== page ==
DR: We’d like to think that we were trying to give independent musicians a chance to gain exposure among masses of college students. But early on, we just didn’t want to get sued! The students were using music from The Beatles and U2 in their movies, which wasn’t going to last too long. So we invited local musicians to submit tracks that we could provide to the students for their soundtracks, and we were inundated by artists excited about having tens of thousands of students hear their music and then feature the songs in movies seen by millions. Students can now choose from more than 3,000 tracks of music, or create their own soundtracks, so it’s worked out extremely well for all involved.
Last year, we also launched Campus MusicFest, letting us do for music what we’ve done for movies: Running a search for the best of the next generation of student musicians. The student bands compete online and at historic local venues such as the Great American Music Hall in San Francisco or Gibson showrooms nationwide, with the winners earning a chance to play at our International Grand Finale in L.A. and getting exposure as AT&T ringtones and more. Of course the Campus MovieFest participants can showcase the Campus MusicFest songs in their movies.
MM: How does Campus MovieFest most benefit student moviemakers?
DR: CMF is an event for the students by the students and customized at each campus, with a waiting list of schools wanting to participate. These schools are used to bringing in bands or comedians, and with CMF we get to showcase the creativity and talent of their own students. CMF inspires teamwork, school spirit and the use of video and music in classes and student groups. In terms of the individual students, they mostly love the chance to tell their stories on the big screen and have a lot of fun. Some students, of course, greatly appreciate the prizes and exposure opportunities, as well as the chance to compete against top student moviemakers. By providing students with the latest technology, we can also help them stay on the leading edge of the industry. And we love helping our students get their foot in the door in Hollywood or wherever their dreams may take them.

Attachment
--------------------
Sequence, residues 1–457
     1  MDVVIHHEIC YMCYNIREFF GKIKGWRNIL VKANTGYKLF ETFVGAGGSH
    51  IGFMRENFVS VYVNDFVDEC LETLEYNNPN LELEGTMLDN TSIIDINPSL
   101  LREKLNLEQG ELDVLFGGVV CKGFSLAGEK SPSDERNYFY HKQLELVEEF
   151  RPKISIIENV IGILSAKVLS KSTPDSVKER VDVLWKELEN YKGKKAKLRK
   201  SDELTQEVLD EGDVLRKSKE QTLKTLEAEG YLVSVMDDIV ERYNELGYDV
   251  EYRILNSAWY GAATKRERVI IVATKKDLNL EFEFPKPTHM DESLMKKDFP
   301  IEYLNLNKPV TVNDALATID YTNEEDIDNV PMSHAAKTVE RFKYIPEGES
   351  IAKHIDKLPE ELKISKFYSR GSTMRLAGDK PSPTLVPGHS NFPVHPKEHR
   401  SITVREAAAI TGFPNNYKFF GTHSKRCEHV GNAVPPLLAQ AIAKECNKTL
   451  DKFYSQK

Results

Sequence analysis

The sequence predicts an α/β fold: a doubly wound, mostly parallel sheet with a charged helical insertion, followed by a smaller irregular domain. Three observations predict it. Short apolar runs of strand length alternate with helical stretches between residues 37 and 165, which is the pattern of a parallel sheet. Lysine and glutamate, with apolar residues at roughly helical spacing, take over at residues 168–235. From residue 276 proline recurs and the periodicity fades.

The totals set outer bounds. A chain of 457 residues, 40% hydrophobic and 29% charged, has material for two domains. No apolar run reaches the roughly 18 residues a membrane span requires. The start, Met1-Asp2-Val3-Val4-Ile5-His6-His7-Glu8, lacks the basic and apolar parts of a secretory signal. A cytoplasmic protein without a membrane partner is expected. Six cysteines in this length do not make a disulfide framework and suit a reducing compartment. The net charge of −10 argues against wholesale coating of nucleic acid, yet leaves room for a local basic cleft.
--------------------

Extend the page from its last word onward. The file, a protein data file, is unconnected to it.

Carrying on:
MM: How do you see the fest changing over time? Ultimately, what do you hope the reputation of Campus MovieFest will be?
DR: We’re finding CMF to be in a unique position to connect students with their future and connect the world with the future. With more and more ties into Hollywood and awesome exposure opportunities, we’re thrilled to authentically engage the next generation of content creators and industry leaders looking for these individuals and teams. This year alone has seen tremendous growth, thanks in large part to our board of advisors led by Richard Arlook, Jon Landau, Mitchell Leib and many other generous supporters.
We hope CMF grows to reach anyone with a story to tell. We see CMF continuing to work with many more schools, more cities and more countries, as well as branching out into more creative pursuits. We’ve also started a Distinguished Filmmaker Program, pairing top student filmmakers with companies and nonprofits looking for high-quality, lower-cost, authentic content. We’ll always be the event started by four students who should’ve been going to class instead, ensuring that we always remember we’re here to give students unforgettable experiences thanks to our premier partners.
MM: Anything else to add?
DR: We’re extremely excited about our CMF International Grand Finale in L.A. the weekend of June 11 – 13. The best of our best participants will head to Hollywood for a chance to see their short movies at Paramount Studios, while hearing from exceptional special presenters planned to include Catherine Hardwicke, Channing Tatum, Christian Slater, Ian McShane and many more. Check out www.campusmoviefest.com after the June 12 International Grand Finale to see this year’s winning short movies, and stay tuned for much more to come. We’re also always glad to hear from anyone interested in joining our journey—new schools, new partners and industry leaders.